People seek out life insurance options for a wide variety of reasons. These include income replacement, providing for college, leaving a legacy, or ensuring children are taken care of in the event of some unexpected tragedy.

Before I can recommend the right policy, I need to understand what brought the client to me in the first place. That’s why, when I first sit down with a client to discuss life insurance options, I always ask, “Why do you think you need life insurance?”

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After we’ve established what’s driving this decision, the next step is helping the client find the right policy to achieve his or her goals.

To accomplish this, I take the client through a series of questions that help me understand how to structure a policy that will meet the client’s needs. During this process I am trying to determine a few basic things such as:

  • How much insurance does the individual actually need to accomplish the client’s goals?

  • Is the policy designed primarily for a death benefit or as a cash accumulation?

  • Does the policy need to have convertible options?

  • If so, what kind of flexibility do those options require?

Understanding how the client plans to use his or her insurance is critical to finding the right policy. Permanent life insurance can be used as a savings vehicle to cover payments for as long as the coverage is needed. If a client plans to use insurance this way, it’s important to consider the investment options in the policy and the related cost of those investments. If they are more interested in having insurance primarily for the death benefit — to help pay for college or eliminate debt — a term life insurance policy that will provide for their family following the loss of income may be a better option.

Another important factor in finding the right policy is selecting the right carrier. There are many options available, and clients typically have very little understanding of the differences between them, which is why they need your expertise. Clients should never feel pressured to choose the largest carrier, but it is important to select a financially sound option to ensure that they will be able to pay on a claim later on. Ultimately, the right carrier will be a trustworthy option that offers the flexibility a client needs to achieve their goals and will be there to support them in the long run.

Clients (Photo: Thinkstock)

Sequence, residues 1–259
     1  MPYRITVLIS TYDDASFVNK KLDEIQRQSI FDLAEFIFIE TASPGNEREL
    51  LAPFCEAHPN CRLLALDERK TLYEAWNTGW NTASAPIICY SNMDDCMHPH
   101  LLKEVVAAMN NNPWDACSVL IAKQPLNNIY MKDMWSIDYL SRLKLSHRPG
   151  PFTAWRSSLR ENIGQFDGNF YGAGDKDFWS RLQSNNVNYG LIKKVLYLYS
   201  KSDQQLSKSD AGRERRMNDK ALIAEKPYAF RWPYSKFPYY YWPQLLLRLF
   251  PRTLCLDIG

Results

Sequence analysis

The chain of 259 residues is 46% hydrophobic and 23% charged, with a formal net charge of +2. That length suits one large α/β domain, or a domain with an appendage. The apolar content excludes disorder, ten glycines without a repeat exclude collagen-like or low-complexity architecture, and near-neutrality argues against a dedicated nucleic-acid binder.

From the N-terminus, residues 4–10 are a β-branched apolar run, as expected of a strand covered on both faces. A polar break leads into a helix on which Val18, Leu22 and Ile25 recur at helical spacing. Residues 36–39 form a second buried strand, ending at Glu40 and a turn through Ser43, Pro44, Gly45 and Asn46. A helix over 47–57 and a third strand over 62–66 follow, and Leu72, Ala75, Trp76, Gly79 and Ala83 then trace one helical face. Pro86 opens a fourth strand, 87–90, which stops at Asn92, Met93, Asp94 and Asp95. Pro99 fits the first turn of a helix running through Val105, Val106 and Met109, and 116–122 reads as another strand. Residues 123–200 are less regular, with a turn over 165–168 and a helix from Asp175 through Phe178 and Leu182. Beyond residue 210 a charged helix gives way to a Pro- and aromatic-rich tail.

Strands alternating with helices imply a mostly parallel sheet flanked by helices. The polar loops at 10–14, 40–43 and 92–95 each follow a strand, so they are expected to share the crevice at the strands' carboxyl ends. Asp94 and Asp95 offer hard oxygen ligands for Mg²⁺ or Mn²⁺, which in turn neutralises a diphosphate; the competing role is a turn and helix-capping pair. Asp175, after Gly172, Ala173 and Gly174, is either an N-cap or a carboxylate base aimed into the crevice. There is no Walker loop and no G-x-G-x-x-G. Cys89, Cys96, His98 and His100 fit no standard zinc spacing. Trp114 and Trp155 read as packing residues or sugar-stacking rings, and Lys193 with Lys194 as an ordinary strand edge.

(Photo: Thinkstock)

While cost shouldn’t be the most important consideration in selecting a policy, there is no denying that it is a significant factor in the decision-making process. When considering pricing options, I always remind clients to remember that with insurance — like most other things in life -you truly do get what you pay for. Just because one option is cheaper than another, it doesn’t mean it’s the best value.

Features of a policy create value and often, for a slightly higher premium, you can have a few additional features in your policy that will provide you with much greater flexibility down the road. Unfortunately, many people fail to see the value of insurance until it’s too late — and by then, expensive term insurance is often the only option. For that reason, I cannot overstate the importance of looking at plans with flexibility.

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If price is an obstacle for a client, I will work with them to find ways to reduce costs while still providing adequate coverage. Starting with a convertible term is usually a good option in most cases, but it’s important to make sure you are buying the right policy for the right reasons. For example, while a second-to-die policy may be attractive, the cost may be prohibitive. If my client is a diligent saver and anticipates the death benefit need will decrease (as it likely will) over time, I might recommend laddering some policies. For example, if you need $1 million now, consider recommending they purchase $500,000 of 10-year term and $500,000 of a 20-year term. The shorter term should be less expensive, decreasing the cash impact in the early years.

For families, I always recommend some form of coverage, usually permanent, when discussing life insurance for a minor. The primary need for minor coverage is to get a policy in place prior to any potential health issues at a later age. A general rule for any age: Buy insurance when you are healthy, as you never know how you will feel tomorrow.

As a client’s health status improves, or if industry underwriting assumptions become more favorable, there may be an opportunity to switch plans. Of course, existing coverage should never be dropped until underwriting is complete and the new policy is in place — this is especially true when dealing with term coverage and ensuring a ‘convertible’ policy has been either paid out or transferred over. When dealing with policies that may have a cash value, there are often surrender charges, so changing policies can become very costly. Always remain aware of the tax implications of a surrender as the additional income may impact tax brackets, deductions or even future Medicare premiums.

As I tell all my clients, I find that I am able to provide the best service and assurance of their financial success when I truly understand them and their goals. Setting up a client’s future all starts with an honest discussion. In the end, ensuring clients reach their goals is how we as advisors reach ours.

— Read Capturing The Millennial Middle Market With Smart Analytics on ThinkAdvisor.